Raising children with another person can be unbelievably stressful. Despite our best efforts to be sensitive to another person’s parenting style or preferred method of discipline, aligning one’s values with the other parent when both parents have strong opinions of the “right” or “wrong” way to rear children can be tricky.
While parties who don’t have children together can effectively sever ties (absent a financial obligation to the other party), this is an impossibility for parents. What was once a “bundle of joy” may now be a ball of stress, especially if decisions cannot be made for the best interest of their child.
In Illinois, parents are presumed to be fit to co-parent absent the existence of an impediment to this presumption. I have many clients who complain that their former partner is “impossible” to co-parent with, that co-parenting with a difficult partner seems like an oxymoron, and that seeking sole decision making on behalf of the child or children is the only option.
Is all lost in the face of a difficult parent? If conflict has abounded during the period of separation or thereafter, is sole decision-making the only option? I do not believe so. In fact, through a plethora of tools and approaches, co-parenting with the difficult parent can happen. It is not without tension and the need for taking (many) deep breaths, but it is feasible with the help of a few tools.
1. Centralize. While texting is quick and efficient, tone often gets lost over text. How many times have we interpreted a perfectly benign comment as an insult? Texting between separated parents, though perhaps necessary in the event of an emergency, begs for conflict.
Luckily, a number of online tools are available for separated parents where communication can be centralized and monitored. I encourage parents to use websites like OurFamilyWizard.com and Talkingparents.com, where messages are stored and it is possible to see if a parent has viewed a message and when. On top of this, OurFamilyWizard.com can analyze messages before they are sent to identify inflammatory language and suggest alternative words that will diffuse a message.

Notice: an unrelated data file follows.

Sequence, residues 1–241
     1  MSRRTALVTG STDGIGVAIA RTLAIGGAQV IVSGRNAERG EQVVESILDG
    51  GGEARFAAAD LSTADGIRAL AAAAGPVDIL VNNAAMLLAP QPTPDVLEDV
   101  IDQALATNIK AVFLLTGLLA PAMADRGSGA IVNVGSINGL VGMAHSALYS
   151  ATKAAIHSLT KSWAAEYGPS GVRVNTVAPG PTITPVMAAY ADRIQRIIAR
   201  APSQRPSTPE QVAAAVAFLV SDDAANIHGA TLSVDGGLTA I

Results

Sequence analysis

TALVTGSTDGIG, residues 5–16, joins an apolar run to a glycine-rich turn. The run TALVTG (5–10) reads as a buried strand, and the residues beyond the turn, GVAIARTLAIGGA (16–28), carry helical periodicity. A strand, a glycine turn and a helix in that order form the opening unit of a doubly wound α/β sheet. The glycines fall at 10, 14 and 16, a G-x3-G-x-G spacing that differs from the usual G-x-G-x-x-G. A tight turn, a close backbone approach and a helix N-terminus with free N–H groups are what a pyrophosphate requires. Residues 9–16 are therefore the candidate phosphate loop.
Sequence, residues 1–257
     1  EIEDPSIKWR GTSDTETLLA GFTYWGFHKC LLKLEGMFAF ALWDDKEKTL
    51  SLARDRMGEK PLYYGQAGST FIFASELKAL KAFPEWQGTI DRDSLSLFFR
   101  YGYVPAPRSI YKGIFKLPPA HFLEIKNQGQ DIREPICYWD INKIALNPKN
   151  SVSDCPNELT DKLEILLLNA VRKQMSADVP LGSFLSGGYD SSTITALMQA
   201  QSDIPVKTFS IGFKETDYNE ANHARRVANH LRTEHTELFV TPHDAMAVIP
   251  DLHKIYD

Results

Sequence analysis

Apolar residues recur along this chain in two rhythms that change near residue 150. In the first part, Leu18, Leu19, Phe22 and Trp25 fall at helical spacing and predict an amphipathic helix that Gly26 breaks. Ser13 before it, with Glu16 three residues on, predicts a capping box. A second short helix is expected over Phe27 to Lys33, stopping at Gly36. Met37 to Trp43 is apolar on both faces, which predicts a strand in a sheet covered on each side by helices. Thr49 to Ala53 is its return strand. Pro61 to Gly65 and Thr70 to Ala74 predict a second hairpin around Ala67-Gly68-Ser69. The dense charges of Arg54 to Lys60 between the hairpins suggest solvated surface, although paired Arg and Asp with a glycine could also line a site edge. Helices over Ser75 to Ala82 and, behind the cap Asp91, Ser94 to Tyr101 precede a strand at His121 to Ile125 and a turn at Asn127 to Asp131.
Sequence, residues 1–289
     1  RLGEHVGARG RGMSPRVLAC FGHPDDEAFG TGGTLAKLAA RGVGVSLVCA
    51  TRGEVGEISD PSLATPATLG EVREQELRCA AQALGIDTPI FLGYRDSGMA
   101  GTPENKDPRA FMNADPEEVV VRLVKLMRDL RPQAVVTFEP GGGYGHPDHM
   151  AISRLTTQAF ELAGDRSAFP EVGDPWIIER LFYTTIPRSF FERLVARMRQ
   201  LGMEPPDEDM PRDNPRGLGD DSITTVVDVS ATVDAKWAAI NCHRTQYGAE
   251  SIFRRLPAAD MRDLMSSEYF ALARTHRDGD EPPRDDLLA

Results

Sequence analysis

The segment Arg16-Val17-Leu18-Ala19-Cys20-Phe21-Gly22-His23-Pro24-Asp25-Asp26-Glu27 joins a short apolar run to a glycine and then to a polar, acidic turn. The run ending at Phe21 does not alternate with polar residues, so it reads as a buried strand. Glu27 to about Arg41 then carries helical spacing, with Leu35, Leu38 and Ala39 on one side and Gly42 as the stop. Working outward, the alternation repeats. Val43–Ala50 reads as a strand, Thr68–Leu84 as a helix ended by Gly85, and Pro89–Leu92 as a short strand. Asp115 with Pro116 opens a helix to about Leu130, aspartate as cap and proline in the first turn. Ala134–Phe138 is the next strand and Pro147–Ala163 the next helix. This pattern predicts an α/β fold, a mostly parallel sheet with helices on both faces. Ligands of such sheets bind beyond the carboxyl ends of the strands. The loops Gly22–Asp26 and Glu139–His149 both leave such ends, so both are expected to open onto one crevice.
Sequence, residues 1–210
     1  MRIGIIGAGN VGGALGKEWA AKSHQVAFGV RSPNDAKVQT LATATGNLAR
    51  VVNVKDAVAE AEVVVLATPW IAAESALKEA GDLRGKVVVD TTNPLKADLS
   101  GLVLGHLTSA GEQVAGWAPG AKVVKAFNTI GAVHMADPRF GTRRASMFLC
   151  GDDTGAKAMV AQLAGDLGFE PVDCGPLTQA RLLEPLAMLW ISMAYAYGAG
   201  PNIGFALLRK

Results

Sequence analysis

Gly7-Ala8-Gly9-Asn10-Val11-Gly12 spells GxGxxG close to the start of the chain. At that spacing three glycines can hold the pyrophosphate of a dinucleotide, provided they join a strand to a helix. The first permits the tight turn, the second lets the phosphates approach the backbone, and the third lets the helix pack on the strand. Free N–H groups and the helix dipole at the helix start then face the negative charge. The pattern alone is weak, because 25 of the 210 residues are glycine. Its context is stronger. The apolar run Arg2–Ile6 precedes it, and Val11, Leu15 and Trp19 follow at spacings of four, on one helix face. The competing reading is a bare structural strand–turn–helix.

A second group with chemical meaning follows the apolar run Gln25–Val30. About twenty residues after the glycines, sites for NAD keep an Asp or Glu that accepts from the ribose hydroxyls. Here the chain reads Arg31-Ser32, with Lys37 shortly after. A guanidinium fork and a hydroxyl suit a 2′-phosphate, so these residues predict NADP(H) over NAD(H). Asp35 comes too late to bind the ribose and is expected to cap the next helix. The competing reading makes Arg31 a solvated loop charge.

2. Organize. In addition to using centralized communication portals, where parents can share a calendar and even upload receipts for reimbursement of expenses, parents can avoid conflict by being organized in what they communicate with one another. When sending an email, stick to one topic per thread to ensure matters are addressed separately. While it may seem cumbersome to break down subjects into several emails each, there is less of a risk of misinterpretation or finger pointing when decisions need to be made.
3. Diffuse. Parenting coordinators are professionals who assist parents with resolving disputes without the need to go to court, unless a party disagrees with the parenting coordinator’s suggested resolution and needs a judge to weigh in. Considered a “mediator with teeth,” parenting coordinators are governed by circuit court rules and appointed by court order that includes very specific terms regarding the types of decisions he or she will make for the parties. In addition to immediate resolution of conflict when a decision has to be made (versus litigation, which can take months to resolve with the courts’ full calendars), the cost savings can be significant.
Whether parents to toddlers or teens, separated parties can raise children together in a less conflict-ridden manner than one might think, provided there is a commitment to working through differences and taking advantage of the tools out there to do so.
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